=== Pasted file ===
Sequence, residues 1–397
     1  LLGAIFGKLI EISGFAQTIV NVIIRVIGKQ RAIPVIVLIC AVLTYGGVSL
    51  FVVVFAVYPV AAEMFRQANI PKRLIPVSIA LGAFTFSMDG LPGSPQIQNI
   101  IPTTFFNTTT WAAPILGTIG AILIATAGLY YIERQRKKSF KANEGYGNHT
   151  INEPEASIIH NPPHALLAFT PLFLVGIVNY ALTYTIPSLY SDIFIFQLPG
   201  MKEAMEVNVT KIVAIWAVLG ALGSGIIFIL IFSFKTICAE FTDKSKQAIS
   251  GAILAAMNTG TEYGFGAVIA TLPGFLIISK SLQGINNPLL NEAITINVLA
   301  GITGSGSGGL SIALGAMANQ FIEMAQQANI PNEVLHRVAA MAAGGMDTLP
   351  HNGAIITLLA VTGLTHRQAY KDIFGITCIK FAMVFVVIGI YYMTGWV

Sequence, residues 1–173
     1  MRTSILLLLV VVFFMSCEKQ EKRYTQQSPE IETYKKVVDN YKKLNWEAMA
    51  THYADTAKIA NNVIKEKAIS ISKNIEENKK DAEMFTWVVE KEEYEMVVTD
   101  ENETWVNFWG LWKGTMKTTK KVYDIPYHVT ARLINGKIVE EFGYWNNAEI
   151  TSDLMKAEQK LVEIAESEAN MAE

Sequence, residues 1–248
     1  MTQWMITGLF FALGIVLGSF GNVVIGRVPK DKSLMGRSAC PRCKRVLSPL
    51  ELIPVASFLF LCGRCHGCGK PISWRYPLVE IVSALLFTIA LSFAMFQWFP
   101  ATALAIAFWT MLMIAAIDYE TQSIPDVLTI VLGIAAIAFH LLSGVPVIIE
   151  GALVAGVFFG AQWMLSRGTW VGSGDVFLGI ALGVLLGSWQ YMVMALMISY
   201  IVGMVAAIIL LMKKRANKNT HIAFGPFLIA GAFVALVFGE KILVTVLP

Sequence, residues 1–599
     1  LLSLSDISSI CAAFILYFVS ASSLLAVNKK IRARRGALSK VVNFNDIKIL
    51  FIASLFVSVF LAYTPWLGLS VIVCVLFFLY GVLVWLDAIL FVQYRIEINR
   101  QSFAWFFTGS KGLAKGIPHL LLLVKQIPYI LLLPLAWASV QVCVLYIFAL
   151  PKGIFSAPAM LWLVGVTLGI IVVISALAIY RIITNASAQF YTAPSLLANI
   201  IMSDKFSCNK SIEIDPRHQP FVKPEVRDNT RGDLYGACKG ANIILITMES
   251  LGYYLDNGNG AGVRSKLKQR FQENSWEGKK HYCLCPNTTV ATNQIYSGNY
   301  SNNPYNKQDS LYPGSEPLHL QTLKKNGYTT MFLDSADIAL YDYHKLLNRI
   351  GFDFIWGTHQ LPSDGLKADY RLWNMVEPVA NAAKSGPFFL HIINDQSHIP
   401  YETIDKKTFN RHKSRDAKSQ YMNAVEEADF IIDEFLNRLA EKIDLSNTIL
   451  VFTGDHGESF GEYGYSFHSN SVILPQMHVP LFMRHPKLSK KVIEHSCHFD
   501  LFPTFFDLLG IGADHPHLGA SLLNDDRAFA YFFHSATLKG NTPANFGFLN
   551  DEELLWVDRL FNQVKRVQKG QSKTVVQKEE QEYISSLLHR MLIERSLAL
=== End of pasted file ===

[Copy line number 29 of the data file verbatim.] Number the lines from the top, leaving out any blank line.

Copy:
   351  GFDFIWGTHQ LPSDGLKADY RLWNMVEPVA NAAKSGPFFL HIINDQSHIP